Many industries run their operations at very high temperatures (up to 3000 °C) to increase efficiency and reduce emissions. Accurate knowledge of materials that can function reliably at these extreme temperatures, for example in shuttle re-entry, gas turbine blades, and nuclear fission reactors, is therefore essential. Although it’s possible to measure thermophysical properties (thermal diffusivity, spectral emissivity, specific heat, and fusion temperature) of solid materials up to 3000 °C, neither reference facilities nor materials exist for higher than 1500 °C. As a result, measurements made above this temperature have no traceable accuracy or consistency.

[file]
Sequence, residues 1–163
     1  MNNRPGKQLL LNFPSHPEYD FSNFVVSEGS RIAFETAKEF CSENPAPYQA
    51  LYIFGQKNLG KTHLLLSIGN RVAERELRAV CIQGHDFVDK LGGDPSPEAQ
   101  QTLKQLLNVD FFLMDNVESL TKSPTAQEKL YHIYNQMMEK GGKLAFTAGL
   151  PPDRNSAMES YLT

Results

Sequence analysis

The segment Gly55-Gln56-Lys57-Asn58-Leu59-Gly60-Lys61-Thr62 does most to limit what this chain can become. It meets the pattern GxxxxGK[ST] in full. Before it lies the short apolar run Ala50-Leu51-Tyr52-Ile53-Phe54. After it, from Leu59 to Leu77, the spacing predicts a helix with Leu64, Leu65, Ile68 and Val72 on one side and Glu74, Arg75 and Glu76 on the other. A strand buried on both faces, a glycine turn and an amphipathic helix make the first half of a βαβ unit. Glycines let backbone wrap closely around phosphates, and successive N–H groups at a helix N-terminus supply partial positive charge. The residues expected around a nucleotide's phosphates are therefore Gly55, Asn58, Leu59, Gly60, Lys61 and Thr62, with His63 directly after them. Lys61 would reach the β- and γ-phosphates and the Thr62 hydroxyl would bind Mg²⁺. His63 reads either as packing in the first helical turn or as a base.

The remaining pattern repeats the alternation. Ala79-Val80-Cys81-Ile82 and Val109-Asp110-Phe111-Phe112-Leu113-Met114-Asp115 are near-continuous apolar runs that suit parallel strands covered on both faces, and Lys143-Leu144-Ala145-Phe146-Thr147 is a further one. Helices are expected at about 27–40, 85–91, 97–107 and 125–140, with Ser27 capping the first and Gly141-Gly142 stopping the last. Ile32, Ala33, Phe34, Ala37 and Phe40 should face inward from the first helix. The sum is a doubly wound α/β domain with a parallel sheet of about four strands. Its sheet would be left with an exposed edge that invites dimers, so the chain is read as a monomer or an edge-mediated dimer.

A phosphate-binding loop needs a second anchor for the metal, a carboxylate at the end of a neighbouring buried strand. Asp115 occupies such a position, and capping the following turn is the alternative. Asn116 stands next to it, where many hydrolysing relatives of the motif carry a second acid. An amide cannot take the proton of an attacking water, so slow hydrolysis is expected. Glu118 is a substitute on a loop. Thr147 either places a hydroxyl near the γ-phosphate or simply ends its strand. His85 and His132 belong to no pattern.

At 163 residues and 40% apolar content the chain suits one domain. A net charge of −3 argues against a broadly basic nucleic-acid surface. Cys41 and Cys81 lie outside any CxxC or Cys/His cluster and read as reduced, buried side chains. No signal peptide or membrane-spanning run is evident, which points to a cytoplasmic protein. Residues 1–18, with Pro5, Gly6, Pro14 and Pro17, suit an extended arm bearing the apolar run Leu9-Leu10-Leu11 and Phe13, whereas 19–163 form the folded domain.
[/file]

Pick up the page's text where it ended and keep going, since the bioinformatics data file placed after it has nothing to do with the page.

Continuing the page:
This project will establish new methods for characterising the thermophysical properties of any solid material up to 3000 °C, and launch a network of reference facilities and materials available to industry. By supporting reliable measurement practices, this project will improve the understanding of high-temperature materials and enable industries such as the aeronautics and energy sectors to develop novel and innovative materials.